It has now been two years, eight months and 24 days since my diagnosis of advanced breast cancer. It’s been a long, hard journey and one that doesn’t really have an end.
First, as most cancer sufferers will tell you, when you hear the words “you have cancer”, your life is forever changed. The experts agree: cancer isn’t like most sicknesses — it’s different in that cancer marks not only your body, but your soul. Even when you are “over it”, you are not really over it. People ask me, “are you cancer-free now?” or sometimes it’s a statement, “you’re a survivor” and I find it hard to know how to respond. You see, I’ll never be free of cancer any more than I’ll be free of that concussion I had when I was six, the heart episode in my 30’s or the infertility that meant I wouldn’t have children of my own. Those unwelcome episodes made me who I am. So has cancer, even more so. Cancer will always be with me.
Second, for me, cancer has become my way of life, my calling, my vocation. Cancer has introduced me to the most amazing people who are suffering with this dread disease and who bless me by sharing their lives with me. And cancer sufferers are all around me — in the grocery store as we meet in the yogurt aisle, on the phone because of a recommendation of a friend, sitting in my dining room on a Saturday in tears and in prayer, falling into my arms at my surgeon’s office, and of course in my living room twice each month sharing our lives as my cancer support group members live out what we call “Cancer with Christ”. Cancer gave me my people group and I can’t imagine life without them.
Finally, cancer forced me to face the question, “What is life all about?” When the diagnosis of cancer is made, you look death in the face or at least the possibility of it. Although you do all you can to beat this disease, if you have cancer, death is knocking at your door. With the sound of that knock becoming like an unwelcome background noise, life takes on a whole new meaning. Each new day becomes more precious. And most of us cancer sufferers re-think and re-order our lives according to what is really important to us.
We face the question, “What is life all about?” And it’s a good question — sorry it is was cancer that made us engage with it!
In answer to the question, “What is life all about?” some cancer sufferers will unequivocally answer “family” and they will re-order their lives with an intense commitment to being with family and making sure every one knows that they are loved. Time with family becomes what is most important. It was just a week ago I asked a cancer sufferer what she wanted me to pray for her. “More time on this earth so I can be with my family longer,” was her answer.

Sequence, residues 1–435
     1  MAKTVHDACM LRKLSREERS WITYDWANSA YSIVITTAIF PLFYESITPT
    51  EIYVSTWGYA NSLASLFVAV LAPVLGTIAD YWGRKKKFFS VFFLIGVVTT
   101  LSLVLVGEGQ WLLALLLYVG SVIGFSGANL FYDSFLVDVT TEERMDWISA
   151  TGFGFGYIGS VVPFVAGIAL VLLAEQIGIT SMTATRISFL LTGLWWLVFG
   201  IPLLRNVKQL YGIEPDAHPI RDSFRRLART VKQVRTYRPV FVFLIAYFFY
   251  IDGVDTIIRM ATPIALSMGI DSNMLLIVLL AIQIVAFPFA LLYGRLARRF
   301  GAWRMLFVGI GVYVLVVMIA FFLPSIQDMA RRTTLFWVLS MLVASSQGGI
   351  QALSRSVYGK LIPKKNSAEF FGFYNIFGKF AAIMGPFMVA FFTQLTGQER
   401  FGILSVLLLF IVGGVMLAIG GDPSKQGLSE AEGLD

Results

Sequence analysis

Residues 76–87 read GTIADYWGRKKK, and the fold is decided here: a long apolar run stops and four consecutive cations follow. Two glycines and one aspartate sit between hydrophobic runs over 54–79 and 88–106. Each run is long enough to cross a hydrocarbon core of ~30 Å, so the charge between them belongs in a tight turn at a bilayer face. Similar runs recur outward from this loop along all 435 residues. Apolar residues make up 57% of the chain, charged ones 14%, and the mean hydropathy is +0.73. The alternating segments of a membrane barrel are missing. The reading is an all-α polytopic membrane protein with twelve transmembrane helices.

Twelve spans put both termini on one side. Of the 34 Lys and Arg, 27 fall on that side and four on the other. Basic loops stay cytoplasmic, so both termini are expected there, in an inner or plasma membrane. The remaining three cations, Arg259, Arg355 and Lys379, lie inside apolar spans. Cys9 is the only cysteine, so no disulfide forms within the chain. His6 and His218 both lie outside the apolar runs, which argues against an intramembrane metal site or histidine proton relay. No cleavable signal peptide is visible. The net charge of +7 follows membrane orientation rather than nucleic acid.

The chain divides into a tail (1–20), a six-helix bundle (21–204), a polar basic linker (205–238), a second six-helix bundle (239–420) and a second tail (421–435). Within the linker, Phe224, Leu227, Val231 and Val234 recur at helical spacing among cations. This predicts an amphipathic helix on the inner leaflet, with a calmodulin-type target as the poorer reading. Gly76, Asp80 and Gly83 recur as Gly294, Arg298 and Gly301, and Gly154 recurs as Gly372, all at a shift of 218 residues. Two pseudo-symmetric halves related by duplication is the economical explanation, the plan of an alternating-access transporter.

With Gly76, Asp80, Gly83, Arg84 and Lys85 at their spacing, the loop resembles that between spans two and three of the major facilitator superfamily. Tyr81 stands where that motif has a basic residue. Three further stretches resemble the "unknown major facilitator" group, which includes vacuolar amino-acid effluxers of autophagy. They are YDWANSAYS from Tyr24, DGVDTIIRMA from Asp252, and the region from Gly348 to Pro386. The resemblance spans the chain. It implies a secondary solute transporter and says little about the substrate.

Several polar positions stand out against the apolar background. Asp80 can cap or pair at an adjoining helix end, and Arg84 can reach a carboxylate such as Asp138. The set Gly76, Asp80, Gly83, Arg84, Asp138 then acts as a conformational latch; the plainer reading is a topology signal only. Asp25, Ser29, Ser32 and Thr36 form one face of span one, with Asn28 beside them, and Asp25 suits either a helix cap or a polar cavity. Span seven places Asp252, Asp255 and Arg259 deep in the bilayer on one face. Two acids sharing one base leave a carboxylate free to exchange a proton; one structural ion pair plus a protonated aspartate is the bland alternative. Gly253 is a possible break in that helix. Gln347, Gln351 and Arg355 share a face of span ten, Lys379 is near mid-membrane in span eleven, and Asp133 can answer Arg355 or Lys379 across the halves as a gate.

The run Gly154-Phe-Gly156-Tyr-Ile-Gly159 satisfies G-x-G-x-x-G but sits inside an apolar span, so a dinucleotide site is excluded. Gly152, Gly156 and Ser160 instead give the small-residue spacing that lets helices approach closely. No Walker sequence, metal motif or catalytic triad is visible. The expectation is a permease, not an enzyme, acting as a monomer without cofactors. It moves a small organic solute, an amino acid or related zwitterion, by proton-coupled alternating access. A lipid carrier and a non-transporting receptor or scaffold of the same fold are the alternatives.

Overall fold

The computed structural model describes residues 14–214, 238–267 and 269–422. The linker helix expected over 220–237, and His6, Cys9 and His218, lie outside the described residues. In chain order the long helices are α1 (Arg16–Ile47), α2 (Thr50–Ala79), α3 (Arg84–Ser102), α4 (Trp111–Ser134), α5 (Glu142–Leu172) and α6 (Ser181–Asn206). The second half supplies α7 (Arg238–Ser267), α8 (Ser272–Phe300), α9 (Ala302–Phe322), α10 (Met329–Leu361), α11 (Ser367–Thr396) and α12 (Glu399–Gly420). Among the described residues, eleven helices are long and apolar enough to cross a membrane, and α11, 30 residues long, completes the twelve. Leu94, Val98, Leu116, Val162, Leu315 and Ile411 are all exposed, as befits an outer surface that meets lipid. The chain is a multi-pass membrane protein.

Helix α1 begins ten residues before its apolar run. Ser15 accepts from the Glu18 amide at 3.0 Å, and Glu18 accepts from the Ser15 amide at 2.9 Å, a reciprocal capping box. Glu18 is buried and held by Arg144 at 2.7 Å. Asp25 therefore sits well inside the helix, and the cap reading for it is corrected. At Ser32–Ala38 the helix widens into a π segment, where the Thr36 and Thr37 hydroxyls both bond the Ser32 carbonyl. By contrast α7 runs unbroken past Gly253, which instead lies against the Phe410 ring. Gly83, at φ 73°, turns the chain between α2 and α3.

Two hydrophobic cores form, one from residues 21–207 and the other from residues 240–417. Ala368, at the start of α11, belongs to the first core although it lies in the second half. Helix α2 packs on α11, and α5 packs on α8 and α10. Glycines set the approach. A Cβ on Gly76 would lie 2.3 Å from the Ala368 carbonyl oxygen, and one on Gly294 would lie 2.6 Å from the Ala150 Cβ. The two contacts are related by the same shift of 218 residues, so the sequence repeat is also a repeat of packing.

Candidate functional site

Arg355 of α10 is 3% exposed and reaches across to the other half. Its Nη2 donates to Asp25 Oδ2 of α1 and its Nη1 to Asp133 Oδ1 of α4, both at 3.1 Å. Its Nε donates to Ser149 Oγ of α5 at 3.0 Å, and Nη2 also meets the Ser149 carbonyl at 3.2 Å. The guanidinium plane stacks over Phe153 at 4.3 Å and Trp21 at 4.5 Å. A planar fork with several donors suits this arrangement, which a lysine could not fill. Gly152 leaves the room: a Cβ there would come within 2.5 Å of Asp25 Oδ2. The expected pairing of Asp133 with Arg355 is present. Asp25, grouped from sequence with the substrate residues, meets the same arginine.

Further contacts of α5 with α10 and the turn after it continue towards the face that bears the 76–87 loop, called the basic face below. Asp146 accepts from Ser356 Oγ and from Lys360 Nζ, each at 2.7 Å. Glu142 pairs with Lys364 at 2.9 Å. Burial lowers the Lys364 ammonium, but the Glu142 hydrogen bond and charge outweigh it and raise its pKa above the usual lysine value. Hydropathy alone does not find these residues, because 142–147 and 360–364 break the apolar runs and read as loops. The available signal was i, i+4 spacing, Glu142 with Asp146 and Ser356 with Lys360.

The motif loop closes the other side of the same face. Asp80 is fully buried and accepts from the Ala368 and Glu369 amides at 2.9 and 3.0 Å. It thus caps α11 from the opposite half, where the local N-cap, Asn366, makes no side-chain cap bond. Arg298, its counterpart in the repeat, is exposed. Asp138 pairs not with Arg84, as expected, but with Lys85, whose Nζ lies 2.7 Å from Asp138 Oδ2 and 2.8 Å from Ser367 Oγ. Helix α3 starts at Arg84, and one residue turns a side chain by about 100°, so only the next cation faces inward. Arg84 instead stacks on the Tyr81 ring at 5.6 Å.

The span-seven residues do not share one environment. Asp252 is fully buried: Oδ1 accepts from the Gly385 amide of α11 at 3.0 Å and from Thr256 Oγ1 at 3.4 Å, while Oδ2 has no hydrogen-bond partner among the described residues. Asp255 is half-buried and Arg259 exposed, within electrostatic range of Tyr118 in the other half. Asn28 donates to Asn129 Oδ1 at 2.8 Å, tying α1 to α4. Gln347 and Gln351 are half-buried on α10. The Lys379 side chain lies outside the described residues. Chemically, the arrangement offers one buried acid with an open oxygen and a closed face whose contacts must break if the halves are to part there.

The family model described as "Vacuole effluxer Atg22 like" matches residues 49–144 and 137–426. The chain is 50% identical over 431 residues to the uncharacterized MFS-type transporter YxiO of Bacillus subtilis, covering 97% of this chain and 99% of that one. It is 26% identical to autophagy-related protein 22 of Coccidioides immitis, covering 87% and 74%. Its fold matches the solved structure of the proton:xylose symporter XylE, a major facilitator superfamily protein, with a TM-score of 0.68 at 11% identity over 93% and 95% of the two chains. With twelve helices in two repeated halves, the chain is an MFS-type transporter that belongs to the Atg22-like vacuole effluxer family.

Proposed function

Others will answer the question “What is life all about?” with a re-commitment to their personal health and wholeness. Some will adopt new eating habits and exercise will become a high priority. Others will explore new learning, new hobbies, new experiences in a sort of “bucket-list” approach to the question. Some will become activists in the campaign against cancer, wearing ribbons and taking part in cancer awareness events. Still others will find a new and deepened faith in God and prayer will become the center of their lives.
I’m not offering opinions or a critique on any of these responses. Each cancer sufferer must answer that question, “What is life all about?” in their own way. I’d like to think that I honor each response.
But for Prince Philip and me, the answer to the question came quickly in my cancer storm. What is life all about for us? It is about being a Christ-follower. I love family. I am eating better and exercising. I am open to learning new things and engaging with new experiences. I certainly support the fight against cancer. And prayer is the center of my life.
Yet it is offering myself as a living sacrifice to God each day of my life which compels me now — no doubt about it. It is following Jesus and doing what He asks that leads my decisions, forms my value and dictates my time. What life is all about for me is being wholly and completely sold out to God and His purpose for my life. And I am grateful beyond words that my husband not only supports me but joins me in this. This is our answer. This is our decision. This is where we will stand .. every time.
When cancer came and death knocked on my door, we became more keenly aware that heaven is closer than we can know. Each moment on this earth is our rehearsal for that heavenly home. And life this side of heaven is about surrendering our lives to Him, offering ourselves as a gift, and going where He wants us to go, speaking to whomever He wants us to speak with and at the end of the day, hearing His voice say, “Rest, children, for tomorrow is a new day and I have plans for you.” Ah, that’s what life is all about.
After more than 25 years in parish ministry, Rev. Cathie retired in early 2018 to pursue a quieter life with her husband Philip in the mountains of Central Oregon. Although no longer a leader in congregational life, she continues to follow her calling and passion to minister to those who suffer, especially those with cancer and other life-threatening illnesses.